Image hosted by Photobucket.comElizabeth is a born conversationalist. Not very long after her birth she started talking. To the nurses, to the bassinet, to the little giraffes on her blanket (unfortunately the giraffes couldn’t answer back even if they were real). She loved it when anyone would respond to her chattering but it was apparent that she loved the sound of her own voice. Not much has changed in the 11 years since then.

When Elizabeth was a toddler she would talk herself to sleep. I used to listen near her door to hear her singing her favorite little songs and dialoging with herself about everything. More than once I slipped a cassette recorder under her bed and captured her little words and phrases to savor when her voice no longer fills this house.

It didn’t take long after Elizabeth’s first day of kindergarten for her teacher to discover how irrepressible her penchant for discussion was. Mrs. Crossland was very patient, though, as was Mrs. Dorval, Miss Sherwin, and Mrs. Poettker. Sunday School teachers were equally longsuffering and taught Elizabeth a few ways of keeping her thoughts quiet until it was appropriate to share them.

Along with being highly skilled as an orator, Elizabeth also became an expert listener. At least as much as the hum of our vehicle’s engine would allow or the 36” x 2” space under her bedroom door would permit. Soon she decided that any and every topic was perfectly suitable for conversations with school teachers, Sunday school teachers, extended family members, or friends. It didn’t take long, however, for us to realize that we really didn’t want Ms. L or Mrs. J to know what we thought of their teaching methods or classroom management strategies, especially as it was being conveyed by a 10 year-old. There’s bound to be some things left out or embellished in the translation.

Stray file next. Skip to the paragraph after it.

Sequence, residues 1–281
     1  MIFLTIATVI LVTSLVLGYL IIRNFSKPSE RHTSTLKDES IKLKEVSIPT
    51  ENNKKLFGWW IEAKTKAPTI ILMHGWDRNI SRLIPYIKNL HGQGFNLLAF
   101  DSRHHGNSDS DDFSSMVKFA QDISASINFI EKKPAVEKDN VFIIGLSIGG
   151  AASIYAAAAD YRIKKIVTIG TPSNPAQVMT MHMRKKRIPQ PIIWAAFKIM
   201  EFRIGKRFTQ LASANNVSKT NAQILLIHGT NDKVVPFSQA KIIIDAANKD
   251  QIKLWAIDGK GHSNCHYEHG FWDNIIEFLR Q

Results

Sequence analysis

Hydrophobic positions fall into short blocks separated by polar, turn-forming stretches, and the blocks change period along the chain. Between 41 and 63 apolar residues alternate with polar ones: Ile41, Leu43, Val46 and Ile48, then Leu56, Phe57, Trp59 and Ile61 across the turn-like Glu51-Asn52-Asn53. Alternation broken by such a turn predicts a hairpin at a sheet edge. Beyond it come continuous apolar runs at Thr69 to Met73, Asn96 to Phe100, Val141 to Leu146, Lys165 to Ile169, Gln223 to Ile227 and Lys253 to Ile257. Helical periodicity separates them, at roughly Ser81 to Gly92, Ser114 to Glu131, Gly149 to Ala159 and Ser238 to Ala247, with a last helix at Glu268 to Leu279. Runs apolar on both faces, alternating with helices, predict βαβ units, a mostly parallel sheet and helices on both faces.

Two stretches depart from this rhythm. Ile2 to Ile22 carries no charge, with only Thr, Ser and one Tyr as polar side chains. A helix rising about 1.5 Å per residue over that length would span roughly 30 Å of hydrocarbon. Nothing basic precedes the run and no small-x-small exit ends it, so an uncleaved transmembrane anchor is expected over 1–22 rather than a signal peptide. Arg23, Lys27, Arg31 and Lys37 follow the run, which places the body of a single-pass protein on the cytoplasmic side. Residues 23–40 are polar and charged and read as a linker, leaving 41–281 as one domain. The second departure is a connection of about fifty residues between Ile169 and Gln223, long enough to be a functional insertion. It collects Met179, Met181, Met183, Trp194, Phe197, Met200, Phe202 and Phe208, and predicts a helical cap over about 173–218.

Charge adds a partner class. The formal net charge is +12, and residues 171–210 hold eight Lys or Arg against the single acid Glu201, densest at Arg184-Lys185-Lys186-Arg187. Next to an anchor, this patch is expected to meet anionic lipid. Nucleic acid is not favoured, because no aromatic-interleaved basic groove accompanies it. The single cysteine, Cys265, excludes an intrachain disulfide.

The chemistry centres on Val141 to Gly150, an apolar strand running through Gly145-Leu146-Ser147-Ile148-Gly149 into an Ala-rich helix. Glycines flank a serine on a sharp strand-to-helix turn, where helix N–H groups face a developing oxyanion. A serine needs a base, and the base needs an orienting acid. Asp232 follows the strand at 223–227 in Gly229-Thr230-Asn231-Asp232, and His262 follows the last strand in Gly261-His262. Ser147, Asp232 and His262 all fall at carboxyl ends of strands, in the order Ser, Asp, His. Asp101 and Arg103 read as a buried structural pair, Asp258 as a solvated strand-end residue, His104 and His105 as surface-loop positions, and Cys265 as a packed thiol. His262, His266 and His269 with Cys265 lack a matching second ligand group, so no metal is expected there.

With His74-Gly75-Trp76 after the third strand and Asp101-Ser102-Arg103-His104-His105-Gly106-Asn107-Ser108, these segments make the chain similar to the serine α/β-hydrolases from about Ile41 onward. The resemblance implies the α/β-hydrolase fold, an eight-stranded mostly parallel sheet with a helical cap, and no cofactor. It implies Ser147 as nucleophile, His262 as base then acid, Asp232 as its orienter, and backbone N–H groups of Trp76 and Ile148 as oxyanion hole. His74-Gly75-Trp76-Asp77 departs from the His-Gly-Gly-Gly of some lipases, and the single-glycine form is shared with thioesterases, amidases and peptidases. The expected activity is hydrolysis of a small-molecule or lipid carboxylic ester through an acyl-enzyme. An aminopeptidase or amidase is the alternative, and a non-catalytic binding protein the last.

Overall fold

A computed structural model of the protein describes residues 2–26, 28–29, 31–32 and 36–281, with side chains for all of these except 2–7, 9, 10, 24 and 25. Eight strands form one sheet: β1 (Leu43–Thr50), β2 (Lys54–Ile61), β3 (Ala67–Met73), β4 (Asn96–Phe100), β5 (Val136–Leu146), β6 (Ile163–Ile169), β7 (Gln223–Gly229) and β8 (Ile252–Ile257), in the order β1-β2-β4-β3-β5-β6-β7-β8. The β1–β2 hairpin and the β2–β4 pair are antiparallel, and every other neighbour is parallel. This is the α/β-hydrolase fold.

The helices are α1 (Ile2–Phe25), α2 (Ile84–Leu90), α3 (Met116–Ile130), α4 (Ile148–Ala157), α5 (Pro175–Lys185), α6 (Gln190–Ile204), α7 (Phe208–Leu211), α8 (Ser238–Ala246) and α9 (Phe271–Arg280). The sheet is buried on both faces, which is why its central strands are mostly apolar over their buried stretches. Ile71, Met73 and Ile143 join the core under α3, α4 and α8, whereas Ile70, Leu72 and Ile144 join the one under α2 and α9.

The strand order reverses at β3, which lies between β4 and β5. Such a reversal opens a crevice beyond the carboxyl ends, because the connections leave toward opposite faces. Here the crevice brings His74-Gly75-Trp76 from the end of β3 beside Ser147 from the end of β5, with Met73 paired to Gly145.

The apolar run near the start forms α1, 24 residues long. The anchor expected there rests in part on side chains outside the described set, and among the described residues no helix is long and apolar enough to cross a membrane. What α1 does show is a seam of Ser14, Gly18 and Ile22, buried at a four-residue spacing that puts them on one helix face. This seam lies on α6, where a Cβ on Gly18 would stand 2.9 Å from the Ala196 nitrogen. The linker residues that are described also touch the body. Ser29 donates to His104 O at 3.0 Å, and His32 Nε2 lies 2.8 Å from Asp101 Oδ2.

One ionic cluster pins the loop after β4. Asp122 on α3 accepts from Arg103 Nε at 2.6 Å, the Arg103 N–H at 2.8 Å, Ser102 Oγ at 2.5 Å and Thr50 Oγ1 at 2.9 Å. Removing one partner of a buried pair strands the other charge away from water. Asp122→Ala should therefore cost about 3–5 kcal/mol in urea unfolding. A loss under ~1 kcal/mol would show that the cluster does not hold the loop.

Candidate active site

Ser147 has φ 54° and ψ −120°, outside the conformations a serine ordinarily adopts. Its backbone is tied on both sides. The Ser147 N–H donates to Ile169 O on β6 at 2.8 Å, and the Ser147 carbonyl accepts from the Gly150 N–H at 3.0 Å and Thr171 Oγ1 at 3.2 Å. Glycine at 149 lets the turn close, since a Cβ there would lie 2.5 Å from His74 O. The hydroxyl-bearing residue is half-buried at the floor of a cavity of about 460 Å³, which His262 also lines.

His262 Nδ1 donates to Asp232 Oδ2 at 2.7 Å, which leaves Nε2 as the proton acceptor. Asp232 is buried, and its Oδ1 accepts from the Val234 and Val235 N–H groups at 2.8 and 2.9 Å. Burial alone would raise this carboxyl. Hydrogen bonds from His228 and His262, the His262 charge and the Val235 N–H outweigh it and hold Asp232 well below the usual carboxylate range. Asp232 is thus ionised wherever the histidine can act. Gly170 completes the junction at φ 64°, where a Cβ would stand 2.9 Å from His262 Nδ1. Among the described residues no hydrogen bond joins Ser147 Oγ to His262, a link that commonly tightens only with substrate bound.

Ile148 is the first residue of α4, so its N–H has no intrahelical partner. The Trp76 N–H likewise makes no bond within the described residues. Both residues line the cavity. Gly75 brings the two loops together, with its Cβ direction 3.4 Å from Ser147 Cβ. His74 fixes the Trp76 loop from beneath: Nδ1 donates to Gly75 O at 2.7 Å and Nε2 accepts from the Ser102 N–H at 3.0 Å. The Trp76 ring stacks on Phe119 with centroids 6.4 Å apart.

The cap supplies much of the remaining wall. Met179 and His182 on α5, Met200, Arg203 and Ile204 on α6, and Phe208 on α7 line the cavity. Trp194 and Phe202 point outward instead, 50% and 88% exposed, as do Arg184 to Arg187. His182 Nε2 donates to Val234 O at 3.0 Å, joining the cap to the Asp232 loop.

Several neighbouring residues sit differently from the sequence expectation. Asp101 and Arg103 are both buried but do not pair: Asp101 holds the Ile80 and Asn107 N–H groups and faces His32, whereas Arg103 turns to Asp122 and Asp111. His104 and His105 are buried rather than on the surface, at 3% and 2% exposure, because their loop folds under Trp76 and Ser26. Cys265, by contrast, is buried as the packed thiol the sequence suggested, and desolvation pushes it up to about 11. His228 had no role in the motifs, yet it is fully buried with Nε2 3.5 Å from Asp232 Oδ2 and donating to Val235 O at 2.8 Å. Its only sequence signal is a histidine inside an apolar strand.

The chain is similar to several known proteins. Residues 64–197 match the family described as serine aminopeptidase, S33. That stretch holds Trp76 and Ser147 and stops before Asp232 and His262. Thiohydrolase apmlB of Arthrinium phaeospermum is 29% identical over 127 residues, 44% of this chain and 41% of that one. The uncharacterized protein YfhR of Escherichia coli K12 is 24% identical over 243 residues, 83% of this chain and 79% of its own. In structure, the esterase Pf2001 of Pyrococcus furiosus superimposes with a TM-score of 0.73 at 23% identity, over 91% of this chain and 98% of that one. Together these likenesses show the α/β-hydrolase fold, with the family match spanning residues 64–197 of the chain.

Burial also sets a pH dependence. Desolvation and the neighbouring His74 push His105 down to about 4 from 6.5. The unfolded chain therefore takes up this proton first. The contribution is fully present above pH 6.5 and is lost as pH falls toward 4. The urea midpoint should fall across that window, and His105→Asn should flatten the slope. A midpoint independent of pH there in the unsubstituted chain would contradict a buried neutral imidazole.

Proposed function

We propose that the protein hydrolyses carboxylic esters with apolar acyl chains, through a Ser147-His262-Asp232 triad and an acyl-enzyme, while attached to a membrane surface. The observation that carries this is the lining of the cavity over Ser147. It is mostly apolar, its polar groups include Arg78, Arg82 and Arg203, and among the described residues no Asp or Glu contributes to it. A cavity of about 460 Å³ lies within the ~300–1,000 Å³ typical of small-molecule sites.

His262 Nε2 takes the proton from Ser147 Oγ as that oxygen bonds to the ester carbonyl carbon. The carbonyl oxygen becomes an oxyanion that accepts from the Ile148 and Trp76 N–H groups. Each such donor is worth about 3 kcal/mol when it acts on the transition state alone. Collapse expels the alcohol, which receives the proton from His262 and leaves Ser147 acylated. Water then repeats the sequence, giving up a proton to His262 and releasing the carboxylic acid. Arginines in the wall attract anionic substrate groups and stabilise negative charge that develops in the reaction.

So, being the good parents that we are, we decided to teach a little lesson to our daughter. It wasn’t anything terribly profound but I did thank God for giving me the initial idea of giving Elizabeth a discreet little card to carry with her. All I had written on it was what you see in the graphic: A very simple acronym but we talked to her about there being a time and a place to talk or share certain topics of conversation. Discussing bodily functions, for example, just isn’t well received over a dinner out with friends but is entirely expected in a doctor’s office. We wanted her to know that there is a time and a place for speaking and for keeping quiet. stands for Keep IT To Yourself. It wasn’t difficult to remember and it did reduce the number of times Elizabeth would blurt things out in class or among friends. And when she’s home with us we’re all ears!

There is someone that I have spent several months praying for and I could easily say a great many things about something she’s dealing with. You see, the apple really doesn’t fall far from the tree, and the tree has roots as well. But I know that if the Holy Spirit isn't leading my speech then nothing I say will have any impact or benefit.

I think I’m going to borrow the card for awhile.

“A time to keep silent and a time to speak.” Ecclesiastes 3:7


Monday, June 06, 2005

Farmers just wanna have fun

Image hosted by Photobucket.comLast Friday morning I was at Shari's restaurant writing a little bit and reading my Bible when I got distracted.

He was a 50-something farmer in coveralls who looked a little like Hoss and sounded like a tobacco farmer in eastern North Carolina I met once.

He struck up a conversation with the waitress.

"You remind me of someone," he told her in his transplanted Tarheel accent. "You look like a movie star."

The waitress, though she was a pleasant looking middle-aged blonde, didn't look like any movie star I've seen. She smiled, told the man that if she were a movie star she wouldn't be working the morning shift at Shari's. She poured the man his coffee.

A few minutes later while making her rounds, the man again remarked on the waitress' celebrity appearance. This time she just muttered politely and went about her business.

Another few minutes later while she was approaching his table, the man exclaimed, "Cyndi Lauper!" He then went into a long story about seeing Cyndi Lauper opening for Cher several years ago. Actually, it must have been more than 20 years ago. The waitress' reply was non nonplus, acknowledging the man with a few forced interjections of "oh really," and "wow."